So i got ArcMap Basic and i want to bring my 100000 rows thick excel table to GIS.
In overall 8 columns are my 4 coordinates: coordinate 1 lat, coordinate 1 long, coordinate 2 lat ....
would be easy to average the 4 coordinates and just show for every row one point.
But i need to present every row as a polygon. A polygon square with 4 vertex (one for every coordinate). Like a footprint.
Does anyone have an idea?
Solved! Go to Solution.
Here's a basic version of a script that might work for you:
import arcpy, os, csv, numpy as np
csvfile = r'D:\GIS\Scripts\points.csv'
arcpy.env.workspace = r'D:\GIS\ArcGIS\scratch.gdb'
polygons = arcpy.mapping.Layer(r'D:\GIS\ArcGIS\scratch.gdb\csv_points_poly')
csv = np.genfromtxt(csvfile, delimiter=",")
srWGS = arcpy.SpatialReference(4326)
# from second line of array
cur = arcpy.da.InsertCursor(polygons, ("ID", "SHAPE@"))
for coord in csv[1:]:
print coord
array = arcpy.Array()
# point 1
pnt1 = arcpy.PointGeometry(arcpy.Point(coord[2],coord[1]),srWGS,False, False)
array.append(pnt1.centroid)
# point 2
pnt2 = arcpy.PointGeometry(arcpy.Point(coord[4],coord[3]),srWGS,False, False)
array.append(pnt2.centroid)
# point 3
pnt3 = arcpy.PointGeometry(arcpy.Point(coord[6],coord[5]),srWGS,False, False)
array.append(pnt3.centroid)
# point 4
pnt4 = arcpy.PointGeometry(arcpy.Point(coord[8],coord[7]),srWGS,False, False)
array.append(pnt4.centroid)
polygon = arcpy.Polygon(array,srWGS)
cur.insertRow((coord[0],polygon))
First I created the output polygon feature class "csv_points_poly" in my scratch GDB with an additional "ID" field.
Then assuming your XLS/CSV file looks something like this:
ID,LAT1,LON1,LAT2,LON2,LAT3,LON3,LAT4,LON4
1,-34.5,17,-34.5,17.5,-35,17.5,-35,17
2,-34,18,-34,18.5,-34.5,18.5,-34.5,18
3,-33.5,19,-33.5,19.5,-34,19.5,-34,19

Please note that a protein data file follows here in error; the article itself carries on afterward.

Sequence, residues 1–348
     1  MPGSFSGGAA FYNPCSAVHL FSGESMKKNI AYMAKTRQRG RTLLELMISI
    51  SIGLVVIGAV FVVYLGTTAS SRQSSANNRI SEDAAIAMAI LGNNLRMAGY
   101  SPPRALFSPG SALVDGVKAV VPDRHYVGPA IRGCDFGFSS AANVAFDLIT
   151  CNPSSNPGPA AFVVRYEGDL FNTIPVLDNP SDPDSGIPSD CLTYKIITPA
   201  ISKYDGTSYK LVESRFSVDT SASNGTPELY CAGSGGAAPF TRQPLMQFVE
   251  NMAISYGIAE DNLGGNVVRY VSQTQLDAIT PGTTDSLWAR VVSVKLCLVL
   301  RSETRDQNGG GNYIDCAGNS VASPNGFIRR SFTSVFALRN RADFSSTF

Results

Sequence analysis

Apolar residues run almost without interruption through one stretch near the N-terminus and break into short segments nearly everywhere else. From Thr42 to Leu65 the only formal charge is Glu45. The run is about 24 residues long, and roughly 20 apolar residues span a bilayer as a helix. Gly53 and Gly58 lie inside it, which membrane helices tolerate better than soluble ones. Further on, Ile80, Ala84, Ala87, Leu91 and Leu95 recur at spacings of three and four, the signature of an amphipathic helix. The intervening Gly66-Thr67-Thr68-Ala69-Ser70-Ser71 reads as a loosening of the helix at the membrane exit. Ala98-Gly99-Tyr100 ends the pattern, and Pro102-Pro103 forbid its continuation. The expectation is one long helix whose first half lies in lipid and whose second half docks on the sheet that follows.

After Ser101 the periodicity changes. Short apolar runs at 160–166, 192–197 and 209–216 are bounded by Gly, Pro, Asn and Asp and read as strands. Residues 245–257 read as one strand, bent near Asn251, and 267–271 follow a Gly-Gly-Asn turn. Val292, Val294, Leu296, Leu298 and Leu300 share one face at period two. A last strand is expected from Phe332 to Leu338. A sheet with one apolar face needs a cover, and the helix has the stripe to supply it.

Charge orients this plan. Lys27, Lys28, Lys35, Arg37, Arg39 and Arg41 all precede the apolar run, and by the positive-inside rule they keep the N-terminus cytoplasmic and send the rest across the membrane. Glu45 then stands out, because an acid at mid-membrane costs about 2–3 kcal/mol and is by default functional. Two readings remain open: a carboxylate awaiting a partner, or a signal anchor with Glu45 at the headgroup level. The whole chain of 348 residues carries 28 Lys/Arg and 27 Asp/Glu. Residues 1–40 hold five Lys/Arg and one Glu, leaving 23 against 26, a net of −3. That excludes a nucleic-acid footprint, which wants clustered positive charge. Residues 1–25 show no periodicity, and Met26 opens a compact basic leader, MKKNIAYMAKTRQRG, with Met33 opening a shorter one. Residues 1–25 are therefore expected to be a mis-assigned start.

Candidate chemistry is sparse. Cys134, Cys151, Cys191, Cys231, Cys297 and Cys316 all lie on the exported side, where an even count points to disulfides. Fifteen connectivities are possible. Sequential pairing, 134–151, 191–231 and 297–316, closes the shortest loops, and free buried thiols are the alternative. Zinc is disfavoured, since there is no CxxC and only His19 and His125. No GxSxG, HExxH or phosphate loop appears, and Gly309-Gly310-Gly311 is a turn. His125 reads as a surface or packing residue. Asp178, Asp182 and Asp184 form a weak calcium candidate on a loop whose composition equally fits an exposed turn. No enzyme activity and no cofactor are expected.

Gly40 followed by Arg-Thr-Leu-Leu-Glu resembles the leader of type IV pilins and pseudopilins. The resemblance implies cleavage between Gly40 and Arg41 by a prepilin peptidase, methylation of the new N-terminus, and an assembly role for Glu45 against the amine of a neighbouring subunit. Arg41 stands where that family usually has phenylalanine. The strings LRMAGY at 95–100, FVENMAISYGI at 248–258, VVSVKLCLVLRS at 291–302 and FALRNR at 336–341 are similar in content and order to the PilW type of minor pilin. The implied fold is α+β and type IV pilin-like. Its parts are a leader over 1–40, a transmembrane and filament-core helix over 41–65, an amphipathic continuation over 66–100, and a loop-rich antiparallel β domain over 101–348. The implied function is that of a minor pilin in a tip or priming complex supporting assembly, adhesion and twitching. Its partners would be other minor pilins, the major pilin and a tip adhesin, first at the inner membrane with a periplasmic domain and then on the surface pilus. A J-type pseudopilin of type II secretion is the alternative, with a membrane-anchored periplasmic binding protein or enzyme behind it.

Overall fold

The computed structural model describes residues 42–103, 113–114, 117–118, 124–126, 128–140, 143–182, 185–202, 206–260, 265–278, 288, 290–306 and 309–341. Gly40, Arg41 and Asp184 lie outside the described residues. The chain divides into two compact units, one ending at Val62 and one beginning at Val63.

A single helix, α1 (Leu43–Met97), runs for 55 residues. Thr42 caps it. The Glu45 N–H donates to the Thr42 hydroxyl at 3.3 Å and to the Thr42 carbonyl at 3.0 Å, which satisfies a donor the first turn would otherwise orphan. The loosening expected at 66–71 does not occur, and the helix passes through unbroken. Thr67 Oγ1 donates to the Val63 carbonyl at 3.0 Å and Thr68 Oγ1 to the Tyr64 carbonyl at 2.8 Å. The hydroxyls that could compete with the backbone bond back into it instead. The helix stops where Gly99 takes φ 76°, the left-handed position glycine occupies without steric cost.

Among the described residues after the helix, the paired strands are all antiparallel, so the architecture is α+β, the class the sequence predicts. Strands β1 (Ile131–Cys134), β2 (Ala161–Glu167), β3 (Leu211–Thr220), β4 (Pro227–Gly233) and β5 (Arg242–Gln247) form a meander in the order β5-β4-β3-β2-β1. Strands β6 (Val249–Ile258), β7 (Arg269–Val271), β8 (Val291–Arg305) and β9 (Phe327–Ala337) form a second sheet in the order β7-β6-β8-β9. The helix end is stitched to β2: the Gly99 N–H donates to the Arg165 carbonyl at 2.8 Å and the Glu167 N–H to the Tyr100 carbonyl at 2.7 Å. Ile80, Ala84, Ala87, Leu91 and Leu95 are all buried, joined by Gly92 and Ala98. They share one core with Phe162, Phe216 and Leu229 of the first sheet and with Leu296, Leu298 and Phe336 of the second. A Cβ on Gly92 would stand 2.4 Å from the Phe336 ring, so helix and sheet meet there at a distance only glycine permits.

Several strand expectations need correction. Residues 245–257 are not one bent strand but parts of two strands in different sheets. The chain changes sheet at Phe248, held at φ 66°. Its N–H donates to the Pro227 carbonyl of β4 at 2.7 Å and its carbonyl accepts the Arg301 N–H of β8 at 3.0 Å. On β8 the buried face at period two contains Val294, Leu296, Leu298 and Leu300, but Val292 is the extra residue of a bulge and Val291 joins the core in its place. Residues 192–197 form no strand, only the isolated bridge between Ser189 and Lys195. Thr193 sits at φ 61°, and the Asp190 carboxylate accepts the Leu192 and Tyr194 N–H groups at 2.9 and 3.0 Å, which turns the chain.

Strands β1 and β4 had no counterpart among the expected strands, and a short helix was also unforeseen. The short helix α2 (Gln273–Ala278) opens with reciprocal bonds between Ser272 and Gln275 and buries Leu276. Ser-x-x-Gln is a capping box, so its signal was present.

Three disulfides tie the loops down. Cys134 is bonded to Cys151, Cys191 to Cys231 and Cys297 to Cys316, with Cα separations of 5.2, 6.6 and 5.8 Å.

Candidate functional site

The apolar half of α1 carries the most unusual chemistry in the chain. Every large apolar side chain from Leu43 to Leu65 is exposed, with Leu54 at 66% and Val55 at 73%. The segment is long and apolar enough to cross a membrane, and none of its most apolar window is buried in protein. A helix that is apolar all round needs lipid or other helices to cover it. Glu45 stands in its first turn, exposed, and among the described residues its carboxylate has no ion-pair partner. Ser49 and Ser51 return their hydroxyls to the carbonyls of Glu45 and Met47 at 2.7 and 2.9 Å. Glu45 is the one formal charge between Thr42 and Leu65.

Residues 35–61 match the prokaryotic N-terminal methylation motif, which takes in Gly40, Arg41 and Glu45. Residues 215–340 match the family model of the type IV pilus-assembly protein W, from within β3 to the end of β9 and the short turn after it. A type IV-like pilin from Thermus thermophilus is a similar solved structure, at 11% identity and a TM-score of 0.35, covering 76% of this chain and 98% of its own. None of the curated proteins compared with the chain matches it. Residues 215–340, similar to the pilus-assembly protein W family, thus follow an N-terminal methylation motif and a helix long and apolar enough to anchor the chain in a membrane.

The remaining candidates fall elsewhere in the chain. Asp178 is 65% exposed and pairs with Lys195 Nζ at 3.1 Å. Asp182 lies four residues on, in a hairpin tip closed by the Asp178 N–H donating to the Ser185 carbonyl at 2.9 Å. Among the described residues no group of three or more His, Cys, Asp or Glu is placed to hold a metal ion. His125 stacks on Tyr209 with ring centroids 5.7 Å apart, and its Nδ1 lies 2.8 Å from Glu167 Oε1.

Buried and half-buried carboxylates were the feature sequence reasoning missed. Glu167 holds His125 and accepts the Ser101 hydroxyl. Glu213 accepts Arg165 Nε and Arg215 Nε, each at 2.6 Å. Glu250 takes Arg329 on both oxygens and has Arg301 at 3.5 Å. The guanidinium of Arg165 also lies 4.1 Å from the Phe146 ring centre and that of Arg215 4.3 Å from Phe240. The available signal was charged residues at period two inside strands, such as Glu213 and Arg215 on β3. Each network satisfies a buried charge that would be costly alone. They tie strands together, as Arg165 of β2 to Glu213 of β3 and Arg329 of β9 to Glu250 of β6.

4,-32.5,20,-32.5,20.5,-33,20.5,-33,20
5,-31.5,21,-31.5,21.5,-32,21.5,-32,21
6,-30.5,22,-30.5,22.5,-31,22.5,-31,22
7,-30,23,-30,23.5,-30.5,23.5,-30.5,23
8,-29,24,-29,24.5,-29.5,24.5,-29.5,24
9,-28,25,-28,25.5,-28.5,25.5,-28.5,25
10,-27,26,-27,26.5,-27.5,26.5,-27.5,26
You can use numpy to make an array of your data, which you can iterate to build a polygon for each row.
The obvious choice is Create Fishnet—Help | ArcGIS for Desktop if your polygon pattern is regular and just a bunch of sequential rectangles.
If not, they you might have to provide some more information and give some sense on your familiarity with python
Its not regular.
for example these are the coordinates from one row for one polygon:
coordinate 1 lat coordinate 1 long coordinate 2 lat
50,48508401 | 6,98761143 | 49,67204584 | 6,788479888 | 49,62808362 | 7,198308726 | 50,44104231 | 7,404422742 |
i need to create a heatmap with these polygons.
My python skills are quite rudimentary.
Well the best way is to write some python to ingest this and create a polygon featureclass from the file.
Its not too difficult.
I imagine that this is actually a text file, rather than xls or something.
Is that your decimal separator ","?
If you can post a portion of the file here, I am sure someone can take a look.
Here's a basic version of a script that might work for you:
import arcpy, os, csv, numpy as np
csvfile = r'D:\GIS\Scripts\points.csv'